Tuesday, September 11, 2007

Beyond size and sensation... lol

I saw the neurosurgeon (ya, still not too bad looking… lol) today with the MRI for the thoracic and lumbar areas while the film for the cervical spine taken over 2 weeks ago is still yet to be found.

In one sentence, no surgery needed and the pains do not correspond too well with the anatomical evidence: herniated discs pinching with the one thoracic disk pressing down the space where the spinal fluid flows. Those other 4 disks in the neck.... the last time I checked... no one has seen them yet. lol

That still doesn't really answer my reported symptoms... pains, muscle spasms, as well as the resulting impacts on my mobility.

Stubborn like a donkey and five more disks after my conversion disorder, I got home and tried to google for some research associated with my atypical condition.

First thing I looked for a scientifically based article showing I am not the only person experiencing pains and disabilities more severe than what MRI results might suggest.

Following is the exact quote from an article by Karppinen et al (2001):

"finding a herniated intervertebral disc in an asymptomatic individual is clearly not an indicationfor surgery; similarly, a normal MRI in a patient with severe back and leg symptoms is not an indication of malingering or “nonorganic” pain."

Following is the link to a short description of the study:


The most recent one citing this article was publish in 2007 by Jensen et al which found that, in a 14 month MRI follow up study for patients suffering from radiating pains, the recovery from symptoms might not go hand-in-hand with that observed in improvement of disk herniation and/or nerve root compromise.

Yet, not too many more after that 2001 article addressing the same issue and I guess it might have something to do with replication is not really the thing people value too well. In addition, I have to consider the possibility that the advances in the field of radiology might have found some ways to compensate these problems.

Following is the link to another article published all the way back in 1994.


As you might expect, my congenital sense of curiosity (which could be perceived as either hypochondria or obsessive compulsive thinking) is not going to stop me here.... because of what I have been taught in school… lol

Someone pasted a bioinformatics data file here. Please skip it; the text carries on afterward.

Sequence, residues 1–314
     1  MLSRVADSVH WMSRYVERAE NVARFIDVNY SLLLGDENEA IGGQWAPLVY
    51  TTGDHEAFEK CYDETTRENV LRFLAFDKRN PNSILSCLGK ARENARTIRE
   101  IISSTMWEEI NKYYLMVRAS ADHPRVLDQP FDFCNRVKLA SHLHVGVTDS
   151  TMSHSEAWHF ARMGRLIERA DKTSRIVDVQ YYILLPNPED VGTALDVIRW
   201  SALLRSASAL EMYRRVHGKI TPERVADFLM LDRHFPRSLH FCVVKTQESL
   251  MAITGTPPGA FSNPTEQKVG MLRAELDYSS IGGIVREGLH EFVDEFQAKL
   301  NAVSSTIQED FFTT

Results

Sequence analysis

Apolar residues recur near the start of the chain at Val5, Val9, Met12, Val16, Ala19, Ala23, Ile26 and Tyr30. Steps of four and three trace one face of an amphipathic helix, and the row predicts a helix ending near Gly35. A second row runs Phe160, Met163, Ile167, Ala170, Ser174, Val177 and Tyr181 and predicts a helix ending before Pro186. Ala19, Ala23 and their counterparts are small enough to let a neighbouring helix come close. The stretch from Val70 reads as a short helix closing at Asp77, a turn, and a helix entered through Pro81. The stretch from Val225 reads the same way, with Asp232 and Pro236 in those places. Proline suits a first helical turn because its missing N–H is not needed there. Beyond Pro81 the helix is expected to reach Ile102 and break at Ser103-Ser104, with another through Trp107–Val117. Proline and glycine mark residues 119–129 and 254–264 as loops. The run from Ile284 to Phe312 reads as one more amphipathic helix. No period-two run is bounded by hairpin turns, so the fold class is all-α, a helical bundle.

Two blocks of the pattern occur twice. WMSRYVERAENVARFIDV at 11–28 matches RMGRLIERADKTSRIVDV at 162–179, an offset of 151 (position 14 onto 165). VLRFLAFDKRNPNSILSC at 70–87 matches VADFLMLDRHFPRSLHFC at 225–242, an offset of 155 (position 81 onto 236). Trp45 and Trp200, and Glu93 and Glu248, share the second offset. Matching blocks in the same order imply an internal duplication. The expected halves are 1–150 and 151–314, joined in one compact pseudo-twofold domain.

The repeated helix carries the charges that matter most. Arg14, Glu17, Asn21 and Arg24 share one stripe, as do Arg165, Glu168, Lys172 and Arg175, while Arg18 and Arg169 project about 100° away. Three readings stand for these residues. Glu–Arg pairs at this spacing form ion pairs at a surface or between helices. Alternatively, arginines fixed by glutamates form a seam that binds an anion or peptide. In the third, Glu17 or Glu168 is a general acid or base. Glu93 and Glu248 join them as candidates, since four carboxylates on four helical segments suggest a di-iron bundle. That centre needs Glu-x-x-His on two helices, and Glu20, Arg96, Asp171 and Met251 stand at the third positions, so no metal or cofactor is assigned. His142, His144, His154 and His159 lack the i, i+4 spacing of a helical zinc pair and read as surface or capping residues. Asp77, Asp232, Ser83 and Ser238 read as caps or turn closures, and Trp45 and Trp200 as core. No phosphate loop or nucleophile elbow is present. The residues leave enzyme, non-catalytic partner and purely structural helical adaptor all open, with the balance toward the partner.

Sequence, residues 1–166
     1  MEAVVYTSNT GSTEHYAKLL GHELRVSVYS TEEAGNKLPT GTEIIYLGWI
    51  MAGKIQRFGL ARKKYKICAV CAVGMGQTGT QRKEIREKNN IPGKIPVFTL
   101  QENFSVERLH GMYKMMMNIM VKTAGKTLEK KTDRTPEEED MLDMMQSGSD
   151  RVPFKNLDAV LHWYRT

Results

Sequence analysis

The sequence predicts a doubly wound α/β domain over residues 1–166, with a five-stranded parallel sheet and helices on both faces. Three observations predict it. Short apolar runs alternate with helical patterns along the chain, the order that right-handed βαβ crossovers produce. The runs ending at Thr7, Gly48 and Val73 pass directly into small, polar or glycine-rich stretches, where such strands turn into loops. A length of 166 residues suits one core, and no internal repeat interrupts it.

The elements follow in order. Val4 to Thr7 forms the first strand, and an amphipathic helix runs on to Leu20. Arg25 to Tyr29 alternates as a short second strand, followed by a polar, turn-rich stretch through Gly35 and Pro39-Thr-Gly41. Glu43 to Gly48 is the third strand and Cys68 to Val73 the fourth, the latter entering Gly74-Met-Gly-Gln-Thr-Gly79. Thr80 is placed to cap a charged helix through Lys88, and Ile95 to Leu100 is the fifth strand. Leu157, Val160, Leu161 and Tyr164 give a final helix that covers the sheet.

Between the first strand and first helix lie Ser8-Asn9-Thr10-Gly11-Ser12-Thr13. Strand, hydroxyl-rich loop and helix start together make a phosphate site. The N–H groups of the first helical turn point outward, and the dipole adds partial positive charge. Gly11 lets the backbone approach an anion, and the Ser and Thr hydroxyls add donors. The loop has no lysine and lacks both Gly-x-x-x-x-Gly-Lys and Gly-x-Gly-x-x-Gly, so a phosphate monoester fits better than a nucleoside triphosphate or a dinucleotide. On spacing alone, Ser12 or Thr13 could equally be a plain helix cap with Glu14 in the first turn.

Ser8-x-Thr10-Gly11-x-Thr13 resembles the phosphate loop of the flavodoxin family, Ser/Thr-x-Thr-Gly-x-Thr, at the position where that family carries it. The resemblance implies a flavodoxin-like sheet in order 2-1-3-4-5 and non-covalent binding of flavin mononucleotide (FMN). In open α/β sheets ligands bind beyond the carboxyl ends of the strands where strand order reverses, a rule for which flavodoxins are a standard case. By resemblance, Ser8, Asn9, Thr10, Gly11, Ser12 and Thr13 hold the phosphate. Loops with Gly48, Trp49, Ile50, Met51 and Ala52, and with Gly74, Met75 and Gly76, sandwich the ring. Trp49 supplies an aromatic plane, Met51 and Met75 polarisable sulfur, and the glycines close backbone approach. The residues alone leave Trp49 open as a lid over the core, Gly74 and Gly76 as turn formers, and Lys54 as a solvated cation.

Now that physiology doesn't really always match up with symptomology.... what other mechanisms could explain these atypical symptoms involving real pains and difficulties in mobility?

Then, I came across this wonderful literature review for the biopsychosocial approach to chronic pains, which was published in the psychological bulletin (Gatchel, et al, 2007). In essence, pain is, to date, a mystical phenomena despite all the models proposed to demystify such occurrences.

As a paper published in the psychological bulletin, of course, the authors spent quite a bit of time discussing the contribution of emotions and cognitions in pains. In short, it is no good being depressed and anger; it is better being positive than pessimistic. In addition, humor, optimism and "benefit finding" are some of the resilient factors mentioned in the article.

The Nociceptive Process through which bodily events are interpreted by the brain as pains---

  1. The traditional biomedical model of disease, which assumes an isomorphic relationship between pain and physical injury
  2. The Gate Control Theory of Pain
  3. The Neuromatrix Theory of Pain--- pain is the consequence of the output of the widely distributed brain neural network rather than a direct response to sensory input following tissue injury, inflammation, and other pathologies
  4. Homeostasis, Allostatic Load, and Hypothalamic-Pituitary-Adrenal (HPA) Axis Dysregulation-- In short, all relevant factors contributes to the maintenance of conditions even after the original damage resolved or "in the absence of any objectively determined pathology".
And, of course, the neuroscience models of the pains.